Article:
A column address is applied on the ADDR bus after the row and bank addresses, and the address register 502 applies the column address to a column address counter and latch 514 which, in turn, latches the column address and applies the latched column address to a plurality of column decoders 516A-D. The bank control logic 506 activates the column decoder 516A-D corresponding to the received bank address, and the activated column decoder decodes the applied column address. Depending on the operating mode of the memory device 500, the column address counter and latch 514 either directly applies the latched column address to the decoders 516A-D, or applies a sequence of column addresses to the decoders starting at the column address provided by the address register 502. In response to the column address from the counter and latch 514, the activated column decoder 516A-D applies decode and control signals to an I/O gating and data masking circuit 518 which, in turn, accesses memory cells corresponding to the decoded column address in the activated row of memory cells in the memory bank 512A-D being accessed. The I/O gating and data masking circuit 518 may include delay elements such as the delay circuit 200 to provide constant delays during read and write operations. For example, delays may be used to facilitate data sense amplifiers during data read operations to maintain the order in which the read data are received or delays may be used by write drivers to keep track of write data as they arrive during data write operations.
During data read operations, data being read from the addressed memory cells is coupled through the I/O gating and data masking circuit 518 to a read latch 520. The I/O gating and data masking circuit 518 supplies N bits of data to the read latch 520, which then applies two N/2 bit words to a multiplexer 522. The read latch 520 may also contain the delay circuit 200 of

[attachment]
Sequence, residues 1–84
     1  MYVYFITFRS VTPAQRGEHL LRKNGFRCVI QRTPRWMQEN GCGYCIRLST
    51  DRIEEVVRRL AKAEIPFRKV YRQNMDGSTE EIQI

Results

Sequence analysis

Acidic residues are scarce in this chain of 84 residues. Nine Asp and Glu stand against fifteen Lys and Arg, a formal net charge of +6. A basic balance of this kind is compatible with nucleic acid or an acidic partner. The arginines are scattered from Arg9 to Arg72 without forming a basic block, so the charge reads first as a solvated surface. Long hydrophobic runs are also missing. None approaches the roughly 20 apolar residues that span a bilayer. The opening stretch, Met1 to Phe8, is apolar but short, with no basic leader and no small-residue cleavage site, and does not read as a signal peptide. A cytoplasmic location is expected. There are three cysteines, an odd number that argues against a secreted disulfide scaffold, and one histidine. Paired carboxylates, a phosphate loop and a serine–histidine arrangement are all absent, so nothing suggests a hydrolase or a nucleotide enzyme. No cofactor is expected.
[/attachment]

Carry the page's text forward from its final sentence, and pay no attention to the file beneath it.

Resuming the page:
During data write operations, an external circuit such as a memory controller (not shown) applies N/2 bit data words DQ, the strobe signal DQS, and corresponding data masking signals DM0-X on the data bus DATA. A data receiver 528 receives each DQ word and the associated DM0-X signals, and applies these signals to input registers 530 that are clocked by the DQS signal. In response to a rising edge of the DQS signal, the input registers 530 latch a first N/2 bit DQ word and the associated DM0-X signals, and in response to a falling edge of the DQS signal the input registers latch the second N/2 bit DQ word and associated DM0-X signals. The input register 530 provides the two latched N/2 bit DQ words as an N-bit word to a write FIFO and driver 532, which clocks the applied DQ word and DM0-X signals into the write FIFO and driver in response to the DQS signal. The DQ word is clocked out of the write FIFO and driver 532 in response to the CLK signal, and is applied to the I/O gating and masking circuit 518. The I/O gating and masking circuit 518 transfers the DQ word to the addressed memory cells in the accessed bank 512A-D subject to the DM0-X signals, which may be used to selectively mask bits or groups of bits in the DQ words (i.e., in the write data) being written to the addressed memory cells.